S4S: Following the COP26 summit, what is your wish list for the industry and/or regulators and all parties involved towards decarbonization?
I.S.J.: At COP26 in Glasgow, more than 200 industry leaders delivered A Call to Action for Shipping’s Decarbonization, urging government and industry to play their parts in bringing the sector’s emissions to zero by 2050. There was also widespread recognition of what the industry needs to achieve this decade. Shifting five percent of the industry’s fuel use to scalable zero-emission fuels by 2030 can get zero-emission shipping to the maturity level needed to transition rapidly from there. High on our wish-list – and on that of the maritime industry of the Getting to Zero Coalition – is for governments and the industry to respond to this Call to Action and take action to align shipping with the Paris Agreement temperature goal. We therefore hope to see an increase of ambition at the IMO towards full decarbonization by 2050 the latest, together with market-based-mechanisms being designed and adopted. We also need policy to support a just and equitable transition.
S4S: In your view, has our industry realized the importance of ESG?
I.S.J.: The private sector is already taking important steps to decarbonize global supply chains. With our recent Report on Climate Commitments by Signatories to the Call to Action for Shipping Decarbonization, a wide support in the maritime ecosystem for shipping decarbonization by 2050 is demonstrated, including support from unions. It also shows that the private sector is already committed to a zero-emission shipping transition with concrete actions, targets, and plans.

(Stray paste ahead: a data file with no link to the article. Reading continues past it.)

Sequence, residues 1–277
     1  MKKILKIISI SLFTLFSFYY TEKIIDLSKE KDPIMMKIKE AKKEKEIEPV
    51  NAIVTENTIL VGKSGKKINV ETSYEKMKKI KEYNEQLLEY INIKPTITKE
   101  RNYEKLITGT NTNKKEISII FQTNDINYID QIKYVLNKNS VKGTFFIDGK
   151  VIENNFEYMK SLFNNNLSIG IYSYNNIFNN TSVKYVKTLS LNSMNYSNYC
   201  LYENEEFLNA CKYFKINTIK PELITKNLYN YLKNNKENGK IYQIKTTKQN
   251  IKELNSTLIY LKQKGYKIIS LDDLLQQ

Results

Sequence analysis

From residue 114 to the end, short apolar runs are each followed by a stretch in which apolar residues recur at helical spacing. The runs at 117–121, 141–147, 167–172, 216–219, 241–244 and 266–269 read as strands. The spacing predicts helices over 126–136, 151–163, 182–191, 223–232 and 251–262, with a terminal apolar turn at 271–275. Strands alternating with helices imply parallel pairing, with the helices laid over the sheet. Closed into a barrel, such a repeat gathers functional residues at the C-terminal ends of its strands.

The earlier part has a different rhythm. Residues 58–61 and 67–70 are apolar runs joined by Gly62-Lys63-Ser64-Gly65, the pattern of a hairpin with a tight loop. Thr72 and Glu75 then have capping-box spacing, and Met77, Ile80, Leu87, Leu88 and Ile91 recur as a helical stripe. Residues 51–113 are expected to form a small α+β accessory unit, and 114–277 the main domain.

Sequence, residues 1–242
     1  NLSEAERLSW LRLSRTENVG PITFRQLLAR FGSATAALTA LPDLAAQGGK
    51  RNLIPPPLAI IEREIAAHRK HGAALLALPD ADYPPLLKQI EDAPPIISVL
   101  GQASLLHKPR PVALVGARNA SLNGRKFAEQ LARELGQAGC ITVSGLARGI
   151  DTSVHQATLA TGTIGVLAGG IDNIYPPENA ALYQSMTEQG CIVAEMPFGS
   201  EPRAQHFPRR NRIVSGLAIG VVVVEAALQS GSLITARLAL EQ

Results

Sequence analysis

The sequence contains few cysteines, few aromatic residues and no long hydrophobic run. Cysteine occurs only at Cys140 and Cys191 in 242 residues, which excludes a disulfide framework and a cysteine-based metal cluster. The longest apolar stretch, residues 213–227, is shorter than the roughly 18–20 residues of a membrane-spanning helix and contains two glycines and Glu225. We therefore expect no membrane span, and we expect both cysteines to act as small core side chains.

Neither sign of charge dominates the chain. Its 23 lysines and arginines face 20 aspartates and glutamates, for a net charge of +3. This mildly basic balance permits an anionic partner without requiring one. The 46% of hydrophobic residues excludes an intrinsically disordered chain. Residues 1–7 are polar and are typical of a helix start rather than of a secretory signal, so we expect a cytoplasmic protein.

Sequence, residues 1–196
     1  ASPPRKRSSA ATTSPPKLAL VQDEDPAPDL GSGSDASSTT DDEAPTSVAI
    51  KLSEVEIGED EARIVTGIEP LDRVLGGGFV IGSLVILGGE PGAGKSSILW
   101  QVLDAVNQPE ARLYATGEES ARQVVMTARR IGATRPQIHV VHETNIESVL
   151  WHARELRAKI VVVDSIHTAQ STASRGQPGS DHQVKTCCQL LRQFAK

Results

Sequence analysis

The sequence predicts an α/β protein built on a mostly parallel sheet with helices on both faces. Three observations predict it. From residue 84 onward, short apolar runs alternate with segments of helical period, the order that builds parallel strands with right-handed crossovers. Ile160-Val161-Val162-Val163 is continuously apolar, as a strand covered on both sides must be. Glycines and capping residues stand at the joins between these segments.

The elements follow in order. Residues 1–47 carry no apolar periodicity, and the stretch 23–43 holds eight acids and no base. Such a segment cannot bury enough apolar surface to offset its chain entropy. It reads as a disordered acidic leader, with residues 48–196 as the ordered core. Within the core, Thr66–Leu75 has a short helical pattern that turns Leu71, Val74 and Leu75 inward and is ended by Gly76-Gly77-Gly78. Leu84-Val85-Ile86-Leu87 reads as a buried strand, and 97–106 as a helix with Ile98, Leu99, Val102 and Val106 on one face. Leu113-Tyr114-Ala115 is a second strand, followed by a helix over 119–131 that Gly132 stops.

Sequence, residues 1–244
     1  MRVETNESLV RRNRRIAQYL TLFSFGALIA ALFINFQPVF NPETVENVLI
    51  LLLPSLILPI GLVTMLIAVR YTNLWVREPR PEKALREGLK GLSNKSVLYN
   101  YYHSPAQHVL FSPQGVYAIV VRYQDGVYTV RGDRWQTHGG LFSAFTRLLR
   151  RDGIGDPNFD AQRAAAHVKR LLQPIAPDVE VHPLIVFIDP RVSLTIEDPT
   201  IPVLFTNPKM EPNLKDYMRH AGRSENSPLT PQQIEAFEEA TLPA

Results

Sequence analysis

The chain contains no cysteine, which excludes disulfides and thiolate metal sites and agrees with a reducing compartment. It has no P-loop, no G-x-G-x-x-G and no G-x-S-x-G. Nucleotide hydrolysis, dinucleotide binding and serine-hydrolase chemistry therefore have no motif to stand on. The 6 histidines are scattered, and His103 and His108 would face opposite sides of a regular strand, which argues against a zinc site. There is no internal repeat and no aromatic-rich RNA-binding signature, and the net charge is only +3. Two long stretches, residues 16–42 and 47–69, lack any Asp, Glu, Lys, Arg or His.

S4S: How can the maritime sector tackle with ESG issues proactively?
I.S.J.: Transparency is a key aspect of ESG, and one that has improved substantially over the past decade. If you can’t measure, you can’t improve. Transparency and ESG reporting at large will be crucial to maintain a license to operate over the years to come. But reporting in isolation is not enough, and standards are needed to allow for apple-to-apple comparisons for meaningful ESG reporting. That is what the Sea Cargo Charter and Poseidon Principles for Financial Institutions and Marine Insurance were set to do. All three initiatives establish a common, global baseline to quantitatively assess and disclose climate alignment with adopted climate goals, thus, serving as an important tool to support responsible decision-making, but also creating the demand for a decarbonized industry. These initiatives, which are managed by the Global Maritime Forum, contribute to the ambition of the Coalition.
S4S: If you could change one thing that would have an either profound or immediate impact on industry’s green performance, what this one thing would it be and why?